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Mon, 26 Jun 2017
The World for People who Think

Earth Changes


Arizona heat wave - planes can't take off and plastic and paint are melting

© Ross D. Franklin/Associated Press
A local temperature sign reads 120-degrees as temperatures climb to near-record highs Tuesday, June 20, 2017, in Phoenix. The National Weather Service forecasts a high of 120 degrees (49 degrees Celsius), which is has only hit three times in recorded history in Phoenix, the last time 22 years ago.
Arizona is no stranger to heat waves. But even by natives' own high standards, the past week has been scorching.

The Guinness World Record for hottest temperature ever recorded is 134 degrees Fahrenheit. In Phoenix and Tempe, Arizona, it's touched 119 degrees and just barely gone below 90 at any point over the past week, according to the National Weather Service.


August skiing in USA with 200+ inch snow base in California

© YouTube/Adapt 2030 (screen capture)
How quickly the main stream media would like you to forget the record snow pack across both the Sierra Nevada and Rocky Mountains for winter 2016/2017 as the IPCC said snow pack would go to zero due to global warming. Roads at passes in California and Colorado were bogged with snow up to June 20th, but the media focuses on a desert area with regular temperatures over 118F. They sure wont mention August skiing or cosmic rays or shifting inter-tropical convergence zones. You are on your own in terms of correct information searching.


'Unprecedented event': 6 North Atlantic right whales discovered dead during June in the Gulf of St. Lawrence

© Marine Animal Response Society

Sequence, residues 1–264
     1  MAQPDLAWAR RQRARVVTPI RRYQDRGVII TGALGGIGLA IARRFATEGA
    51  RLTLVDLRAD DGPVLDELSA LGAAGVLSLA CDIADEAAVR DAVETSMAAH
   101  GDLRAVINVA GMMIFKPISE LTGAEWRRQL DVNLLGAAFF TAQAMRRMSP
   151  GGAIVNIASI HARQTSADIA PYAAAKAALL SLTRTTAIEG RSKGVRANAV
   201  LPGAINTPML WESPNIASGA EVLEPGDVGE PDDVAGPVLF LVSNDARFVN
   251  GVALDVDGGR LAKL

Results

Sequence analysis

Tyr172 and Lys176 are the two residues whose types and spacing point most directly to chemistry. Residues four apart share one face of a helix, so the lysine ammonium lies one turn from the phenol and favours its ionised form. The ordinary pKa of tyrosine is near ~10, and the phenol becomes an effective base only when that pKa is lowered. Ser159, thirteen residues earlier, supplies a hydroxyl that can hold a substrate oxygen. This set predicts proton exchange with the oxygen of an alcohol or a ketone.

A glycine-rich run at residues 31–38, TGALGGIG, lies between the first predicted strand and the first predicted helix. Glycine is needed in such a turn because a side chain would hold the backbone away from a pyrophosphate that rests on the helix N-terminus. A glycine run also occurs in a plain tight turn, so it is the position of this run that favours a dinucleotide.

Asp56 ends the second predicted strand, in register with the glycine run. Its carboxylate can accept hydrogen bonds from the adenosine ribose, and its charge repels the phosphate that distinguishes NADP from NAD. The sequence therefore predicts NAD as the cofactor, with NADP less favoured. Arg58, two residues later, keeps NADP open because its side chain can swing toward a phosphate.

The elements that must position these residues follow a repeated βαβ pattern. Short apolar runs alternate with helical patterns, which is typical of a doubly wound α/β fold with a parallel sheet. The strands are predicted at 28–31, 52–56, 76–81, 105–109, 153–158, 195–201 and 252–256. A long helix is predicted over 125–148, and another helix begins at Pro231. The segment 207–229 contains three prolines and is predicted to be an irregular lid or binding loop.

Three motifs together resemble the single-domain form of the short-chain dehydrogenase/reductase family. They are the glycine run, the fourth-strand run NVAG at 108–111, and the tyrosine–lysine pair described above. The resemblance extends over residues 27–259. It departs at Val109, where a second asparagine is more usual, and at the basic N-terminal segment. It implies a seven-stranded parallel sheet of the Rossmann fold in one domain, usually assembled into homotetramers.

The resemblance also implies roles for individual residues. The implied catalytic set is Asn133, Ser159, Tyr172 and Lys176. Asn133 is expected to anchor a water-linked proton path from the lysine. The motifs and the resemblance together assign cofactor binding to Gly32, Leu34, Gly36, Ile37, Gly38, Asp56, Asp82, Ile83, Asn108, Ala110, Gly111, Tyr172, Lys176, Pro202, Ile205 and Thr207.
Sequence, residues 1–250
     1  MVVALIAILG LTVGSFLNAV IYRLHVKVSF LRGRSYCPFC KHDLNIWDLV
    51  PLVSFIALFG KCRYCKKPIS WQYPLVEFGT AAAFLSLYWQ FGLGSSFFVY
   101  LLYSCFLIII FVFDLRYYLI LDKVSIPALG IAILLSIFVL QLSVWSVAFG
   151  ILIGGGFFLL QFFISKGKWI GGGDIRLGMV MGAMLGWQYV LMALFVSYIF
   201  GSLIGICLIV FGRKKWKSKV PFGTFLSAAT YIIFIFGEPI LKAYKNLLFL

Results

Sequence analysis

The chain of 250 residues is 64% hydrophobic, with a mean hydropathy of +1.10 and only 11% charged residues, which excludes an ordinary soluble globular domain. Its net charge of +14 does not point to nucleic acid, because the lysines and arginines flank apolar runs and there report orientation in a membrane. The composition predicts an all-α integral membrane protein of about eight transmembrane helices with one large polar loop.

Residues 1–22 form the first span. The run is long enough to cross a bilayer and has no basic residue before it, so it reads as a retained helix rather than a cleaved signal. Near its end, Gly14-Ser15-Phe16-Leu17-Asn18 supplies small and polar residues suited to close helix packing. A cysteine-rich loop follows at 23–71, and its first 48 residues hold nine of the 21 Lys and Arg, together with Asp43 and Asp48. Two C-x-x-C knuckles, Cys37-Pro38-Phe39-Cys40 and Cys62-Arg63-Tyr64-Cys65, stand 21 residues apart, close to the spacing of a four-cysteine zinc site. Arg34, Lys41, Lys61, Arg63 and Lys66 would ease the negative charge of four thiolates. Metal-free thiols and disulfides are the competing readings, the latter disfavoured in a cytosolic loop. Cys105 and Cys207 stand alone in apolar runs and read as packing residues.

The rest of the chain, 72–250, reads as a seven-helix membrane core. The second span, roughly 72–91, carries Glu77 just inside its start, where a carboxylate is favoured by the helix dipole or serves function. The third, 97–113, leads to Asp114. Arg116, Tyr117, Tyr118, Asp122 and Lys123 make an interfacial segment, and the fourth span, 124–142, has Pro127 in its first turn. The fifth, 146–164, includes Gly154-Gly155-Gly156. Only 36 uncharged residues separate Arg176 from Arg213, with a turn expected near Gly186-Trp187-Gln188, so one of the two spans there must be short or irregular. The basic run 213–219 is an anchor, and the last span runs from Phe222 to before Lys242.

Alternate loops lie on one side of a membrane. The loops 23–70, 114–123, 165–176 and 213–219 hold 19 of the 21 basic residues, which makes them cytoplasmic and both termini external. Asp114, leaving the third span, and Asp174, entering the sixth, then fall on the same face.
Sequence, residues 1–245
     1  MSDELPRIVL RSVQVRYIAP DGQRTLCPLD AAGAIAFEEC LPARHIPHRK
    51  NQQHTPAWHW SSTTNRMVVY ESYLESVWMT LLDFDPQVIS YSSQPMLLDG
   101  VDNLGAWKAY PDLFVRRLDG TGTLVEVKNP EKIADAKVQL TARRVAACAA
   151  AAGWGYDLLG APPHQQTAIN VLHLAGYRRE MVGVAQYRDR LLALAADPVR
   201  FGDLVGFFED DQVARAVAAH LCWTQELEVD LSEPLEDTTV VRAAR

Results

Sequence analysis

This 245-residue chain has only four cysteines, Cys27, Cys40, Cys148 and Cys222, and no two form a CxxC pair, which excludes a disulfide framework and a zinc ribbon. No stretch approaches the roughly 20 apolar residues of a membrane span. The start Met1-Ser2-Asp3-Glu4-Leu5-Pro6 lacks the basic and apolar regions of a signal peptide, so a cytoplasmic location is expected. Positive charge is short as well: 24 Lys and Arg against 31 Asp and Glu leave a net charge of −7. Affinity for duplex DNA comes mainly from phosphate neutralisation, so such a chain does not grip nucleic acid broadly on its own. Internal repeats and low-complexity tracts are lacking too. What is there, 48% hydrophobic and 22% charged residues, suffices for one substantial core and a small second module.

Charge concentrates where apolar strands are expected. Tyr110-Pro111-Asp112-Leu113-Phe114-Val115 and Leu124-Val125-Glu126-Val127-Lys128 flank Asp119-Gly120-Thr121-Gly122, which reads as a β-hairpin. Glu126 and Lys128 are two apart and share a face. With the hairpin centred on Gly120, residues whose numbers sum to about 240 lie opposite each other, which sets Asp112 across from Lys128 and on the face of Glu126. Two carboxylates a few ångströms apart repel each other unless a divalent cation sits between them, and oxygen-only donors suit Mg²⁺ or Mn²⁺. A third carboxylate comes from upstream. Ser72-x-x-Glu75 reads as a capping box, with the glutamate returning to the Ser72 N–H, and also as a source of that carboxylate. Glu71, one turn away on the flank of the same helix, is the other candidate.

Researchers from the Marine Animal Response Society examine one of the dead right whales.
Since June 7, six North Atlantic right whales have been found dead, floating in the Gulf of St. Lawrence, in a loss that amounts to more than one per cent of the population of the endangered species.

The whales were all found in the area between New Brunswick's Miscou Island, Quebec's Magdalen Islands and northern P.E.I.

While there have been sightings of dead right whales in the area before, Tonya Wimmer, a marine biologist and the director of Marine Animal Response Society, said it's on a different scale this time around. The charitable organization is dedicated to rescue and study of marine animals.

"It's a bit of an unprecedented event in that we've never had an incident like this involving right whales where so many animals have been turning up dead just over the last few weeks," said Wimmer.


Guard dog kills boy at school in Ghana

© Angela Antunes / CC by 2.0
Teachers and pupils of New Amanful Basic School, a fishing community near Takoradi, are yet to come to terms with the horror of how an Alsatian strayed into the school and killed a six-year-old class one pupil who was playing with his schoolmates on the school's compound.

The pupils were said to be playing when the dog attacked Bismark Adzie and inflicted serious injuries on him.